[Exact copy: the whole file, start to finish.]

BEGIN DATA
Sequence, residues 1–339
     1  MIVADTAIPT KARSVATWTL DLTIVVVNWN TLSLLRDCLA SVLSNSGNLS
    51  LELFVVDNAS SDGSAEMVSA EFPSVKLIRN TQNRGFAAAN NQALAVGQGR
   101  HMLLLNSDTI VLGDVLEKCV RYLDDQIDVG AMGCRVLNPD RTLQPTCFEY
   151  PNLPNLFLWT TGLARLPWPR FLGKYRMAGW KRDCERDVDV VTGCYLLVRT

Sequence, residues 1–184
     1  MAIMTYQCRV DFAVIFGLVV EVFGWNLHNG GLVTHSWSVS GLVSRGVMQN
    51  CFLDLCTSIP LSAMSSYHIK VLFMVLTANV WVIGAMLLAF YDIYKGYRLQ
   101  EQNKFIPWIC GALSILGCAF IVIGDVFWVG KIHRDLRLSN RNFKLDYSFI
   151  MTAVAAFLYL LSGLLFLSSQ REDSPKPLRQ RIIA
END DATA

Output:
Sequence, residues 1–339
     1  MIVADTAIPT KARSVATWTL DLTIVVVNWN TLSLLRDCLA SVLSNSGNLS
    51  LELFVVDNAS SDGSAEMVSA EFPSVKLIRN TQNRGFAAAN NQALAVGQGR
   101  HMLLLNSDTI VLGDVLEKCV RYLDDQIDVG AMGCRVLNPD RTLQPTCFEY
   151  PNLPNLFLWT TGLARLPWPR FLGKYRMAGW KRDCERDVDV VTGCYLLVRT

Sequence, residues 1–184
     1  MAIMTYQCRV DFAVIFGLVV EVFGWNLHNG GLVTHSWSVS GLVSRGVMQN
    51  CFLDLCTSIP LSAMSSYHIK VLFMVLTANV WVIGAMLLAF YDIYKGYRLQ
   101  EQNKFIPWIC GALSILGCAF IVIGDVFWVG KIHRDLRLSN RNFKLDYSFI
   151  MTAVAAFLYL LSGLLFLSSQ REDSPKPLRQ RIIA